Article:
The Budget Numbers That Could Hurt Bush

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At first glance, Karl Rove's decision to schedule the 2004 Republican convention for the first week of September in New York City looks like a masterful move. Roveís strategy for winning Bush a second term is to focus on domestic matters, particularly the economy, but never let voters forget the Presidentís performance as commander in chief. What could be better campaign imagery than Bush accepting his renomination in New York, where he found his footing after 9/11, a little over a week before that day's anniversary? But a smart Democratic challenger could turn this imagery on its head by asking: What has Bush done for New York lately? In fact, what has he done for any city?

New Yorkers have a short memory, and right now theyíre confronting not terrorists but higher taxes, higher subway fares and higher unemployment. Both New York City and State have billion dollar budget deficits. And it's not just New York that's in trouble. Virtually every state and city is facing budget gaps that they will have to raise taxes or cut services (or both) to cover. For many Americans, the federal tax cut will be offset by state and local governments raising rates to cover deficits and pay for growing costs like standardized testing of school kids and Homeland Security measures that the feds mandate but aren't funding.

Could this hurt Bush next November? That depends if any Democrats are able to use the issue to defeat him. If the Dems have any hope of beating a President with 70% approval ratings they need to accomplish two major goals: Prove they will be just as strong on overseas threats and stronger on domestic issues. But they canít just whine about Bushís handling of the economy and the dubious merits of his tax cuts; they need a plan of their own. Most Americans donít think the President can do much to change the economyís direction, but the Democrats can argue there is one arena where the federal government can take bold action: Bailing out the states.

For a former governor, Bush has been rather insensitive to the statesí and citiesí needs, mostly because he believes they dug themselves into this mess. Administration officials argue that during the boom years of the Ď90s, the governments expanded services to unsustainable levels. Theyíve got a point— state and city Democrats and Republicans alike cut taxes and increased spending at the same time. Now itís time for the hangover. Still, Bush shouldnít be so cocky on this subject. Heís also cutting taxes and raising spending, but he gets to run a deficit — a luxury states and cities donít have.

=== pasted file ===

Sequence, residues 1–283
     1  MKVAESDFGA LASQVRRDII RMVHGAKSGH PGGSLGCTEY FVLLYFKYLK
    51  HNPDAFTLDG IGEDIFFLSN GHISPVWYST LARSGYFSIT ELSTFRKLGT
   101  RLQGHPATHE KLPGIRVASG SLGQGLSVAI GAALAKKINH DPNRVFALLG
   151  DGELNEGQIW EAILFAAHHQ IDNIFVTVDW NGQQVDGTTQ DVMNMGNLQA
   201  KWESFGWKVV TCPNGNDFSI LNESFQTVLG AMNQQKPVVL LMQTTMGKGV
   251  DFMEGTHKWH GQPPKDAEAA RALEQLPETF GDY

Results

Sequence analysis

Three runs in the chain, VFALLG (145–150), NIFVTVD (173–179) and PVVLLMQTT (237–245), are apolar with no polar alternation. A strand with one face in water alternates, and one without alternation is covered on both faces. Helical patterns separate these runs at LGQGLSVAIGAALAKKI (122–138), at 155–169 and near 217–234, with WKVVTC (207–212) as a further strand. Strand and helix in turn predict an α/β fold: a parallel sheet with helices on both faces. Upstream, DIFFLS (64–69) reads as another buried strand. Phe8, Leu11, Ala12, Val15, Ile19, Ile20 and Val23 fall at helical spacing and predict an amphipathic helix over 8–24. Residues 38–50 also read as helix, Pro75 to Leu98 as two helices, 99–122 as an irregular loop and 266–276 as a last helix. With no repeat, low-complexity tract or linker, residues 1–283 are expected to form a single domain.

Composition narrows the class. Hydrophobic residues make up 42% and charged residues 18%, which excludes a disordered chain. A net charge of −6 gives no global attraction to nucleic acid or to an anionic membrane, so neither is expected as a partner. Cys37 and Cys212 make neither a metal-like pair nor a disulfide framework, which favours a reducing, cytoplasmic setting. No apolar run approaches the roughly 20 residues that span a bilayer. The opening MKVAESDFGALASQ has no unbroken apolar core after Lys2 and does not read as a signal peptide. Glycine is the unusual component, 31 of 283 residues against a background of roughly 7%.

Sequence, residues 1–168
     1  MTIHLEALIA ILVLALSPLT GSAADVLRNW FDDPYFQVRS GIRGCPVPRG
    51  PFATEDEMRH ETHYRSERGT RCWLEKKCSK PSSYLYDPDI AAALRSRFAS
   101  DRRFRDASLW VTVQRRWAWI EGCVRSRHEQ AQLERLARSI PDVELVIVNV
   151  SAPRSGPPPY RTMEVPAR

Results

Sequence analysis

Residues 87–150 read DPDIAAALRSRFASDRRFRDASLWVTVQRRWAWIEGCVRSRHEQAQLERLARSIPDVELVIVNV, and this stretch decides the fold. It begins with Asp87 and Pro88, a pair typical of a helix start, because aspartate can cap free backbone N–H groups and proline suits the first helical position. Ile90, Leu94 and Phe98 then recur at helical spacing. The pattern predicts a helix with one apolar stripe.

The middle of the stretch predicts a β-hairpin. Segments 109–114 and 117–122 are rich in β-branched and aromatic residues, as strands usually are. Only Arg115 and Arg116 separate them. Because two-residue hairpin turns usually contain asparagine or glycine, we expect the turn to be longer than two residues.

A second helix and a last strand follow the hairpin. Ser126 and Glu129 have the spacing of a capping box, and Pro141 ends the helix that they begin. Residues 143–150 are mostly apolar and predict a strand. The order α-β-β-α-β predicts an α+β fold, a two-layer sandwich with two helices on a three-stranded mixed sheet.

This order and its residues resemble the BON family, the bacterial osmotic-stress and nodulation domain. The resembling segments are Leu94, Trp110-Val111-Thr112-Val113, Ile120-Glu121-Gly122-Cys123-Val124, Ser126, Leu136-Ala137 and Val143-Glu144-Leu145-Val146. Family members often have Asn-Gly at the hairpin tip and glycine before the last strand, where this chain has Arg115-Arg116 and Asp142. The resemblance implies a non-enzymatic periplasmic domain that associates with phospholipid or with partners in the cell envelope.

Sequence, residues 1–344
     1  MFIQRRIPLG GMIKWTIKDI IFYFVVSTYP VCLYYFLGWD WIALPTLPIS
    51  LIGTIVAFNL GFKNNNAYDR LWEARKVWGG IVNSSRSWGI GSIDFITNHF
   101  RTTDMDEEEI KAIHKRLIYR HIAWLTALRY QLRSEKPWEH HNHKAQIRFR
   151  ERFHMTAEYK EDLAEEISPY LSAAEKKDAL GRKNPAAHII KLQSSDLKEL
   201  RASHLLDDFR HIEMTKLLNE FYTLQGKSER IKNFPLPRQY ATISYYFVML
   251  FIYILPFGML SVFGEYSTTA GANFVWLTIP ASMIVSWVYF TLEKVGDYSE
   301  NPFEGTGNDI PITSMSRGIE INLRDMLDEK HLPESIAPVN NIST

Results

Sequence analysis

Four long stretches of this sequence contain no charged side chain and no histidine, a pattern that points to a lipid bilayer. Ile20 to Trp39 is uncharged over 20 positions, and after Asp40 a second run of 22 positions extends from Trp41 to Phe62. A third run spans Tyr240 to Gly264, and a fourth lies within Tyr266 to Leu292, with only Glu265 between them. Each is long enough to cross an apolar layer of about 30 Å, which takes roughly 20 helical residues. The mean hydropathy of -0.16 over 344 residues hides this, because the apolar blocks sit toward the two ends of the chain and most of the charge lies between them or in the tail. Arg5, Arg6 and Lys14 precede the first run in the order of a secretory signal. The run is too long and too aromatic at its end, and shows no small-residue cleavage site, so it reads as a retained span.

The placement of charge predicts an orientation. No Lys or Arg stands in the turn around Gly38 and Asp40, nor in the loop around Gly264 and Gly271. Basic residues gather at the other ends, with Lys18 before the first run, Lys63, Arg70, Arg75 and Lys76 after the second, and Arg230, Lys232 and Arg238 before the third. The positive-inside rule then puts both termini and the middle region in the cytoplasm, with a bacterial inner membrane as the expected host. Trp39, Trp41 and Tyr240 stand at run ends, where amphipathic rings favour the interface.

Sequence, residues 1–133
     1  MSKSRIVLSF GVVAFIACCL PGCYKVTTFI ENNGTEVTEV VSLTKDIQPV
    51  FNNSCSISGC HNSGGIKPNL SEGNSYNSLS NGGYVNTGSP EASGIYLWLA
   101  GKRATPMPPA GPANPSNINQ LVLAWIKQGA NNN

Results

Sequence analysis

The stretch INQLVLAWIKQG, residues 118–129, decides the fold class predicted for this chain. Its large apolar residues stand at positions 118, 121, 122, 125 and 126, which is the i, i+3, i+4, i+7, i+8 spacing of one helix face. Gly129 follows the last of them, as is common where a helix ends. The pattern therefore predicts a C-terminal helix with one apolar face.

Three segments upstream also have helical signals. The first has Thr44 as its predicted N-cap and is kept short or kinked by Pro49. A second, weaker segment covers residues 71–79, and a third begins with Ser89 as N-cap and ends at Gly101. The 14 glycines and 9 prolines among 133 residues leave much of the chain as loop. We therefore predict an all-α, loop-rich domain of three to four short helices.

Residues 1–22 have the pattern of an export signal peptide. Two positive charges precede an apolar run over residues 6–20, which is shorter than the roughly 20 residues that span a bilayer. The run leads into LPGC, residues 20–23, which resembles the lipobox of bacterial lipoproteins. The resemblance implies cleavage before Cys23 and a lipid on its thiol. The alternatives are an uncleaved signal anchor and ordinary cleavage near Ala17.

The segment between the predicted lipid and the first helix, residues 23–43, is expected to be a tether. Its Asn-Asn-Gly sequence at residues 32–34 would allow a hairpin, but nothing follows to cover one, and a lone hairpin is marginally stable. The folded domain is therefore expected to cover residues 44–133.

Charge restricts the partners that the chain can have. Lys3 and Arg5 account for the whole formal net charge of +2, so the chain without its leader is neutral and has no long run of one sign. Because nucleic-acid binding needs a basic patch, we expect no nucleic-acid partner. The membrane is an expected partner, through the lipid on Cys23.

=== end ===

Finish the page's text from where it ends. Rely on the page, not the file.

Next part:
Mayors and governors canít hire the nine million-plus Americans currently out of work, but they can directly improve peopleís lives, more effectively than the feds can in many instances. First of all, those governments are responsible for managing the front lines of homeland security. At a time when many Americans fear another terrorist attack, itís odd that cities are laying off firefighters. If Bush doesn't provide one, a Democratic candidate who laid out an aggressive federal plan to figure out exactly what state and cities need and then provide the resources to do it would make many Americans sleep easier at night — and lift some of the weight of uncertainty off the economy.

The next problem the feds could help states with is Medicaid. The program is the fastest growing financial burden for states, with medical costs skyrocketing, particularly for prescription drugs. Most of the Democratic candidates have devised plans to try to cover people without health insurance, but none have looked at helping Medicaid. For a decade now, while Congress and the White House have been stalling on this issue, the states have been using Medicaid in innovative ways to expand coverage, increasing the number of citizens eligible for the program. But just when more people need it, 49 state governments have cut Medicaid is some way — 45 are limiting drug coverage, 27 are tightening eligibility rules, 25 are cutting benefits. Illinois Medicaid patients on Zoloft are now required to buy larger pills and cut them in half. A Democratic candidate could promise to push states to use Medicaid to cover more of the uninsured and to give them the money to do so.

Finally, the Democrats need to reclaim education. Bush successfully neutralized the Demsí traditional strength on the issue in 2000 by making improving schools a pillar of his compassionate conservatism. He quickly pushed the No Child Left Behind Act through Congress, but two years later, the states are furious about the law. Their beef? It imposes huge new testing requirements, and yet the President has not appropriated enough money to pay for it. States have to shell out an estimated $35 billion out of their own pockets. The resulting squeeze has forced 20 states to cut k-12 education programs. Schools in 100 districts in six states have gone to four-day weeks, and some districts in Oregon recently ended their school year three weeks early. Democrats should put forward a plan that gives schools standards to meet, but also gives them money to meets them.

When Bush goes to New York next Fall, Democrats are going to be hard pressed to counter all the patriotic emotions the Republicans will try to tap. But there is an effective counterattack: Memories wonít keep the nation safe or teach its children.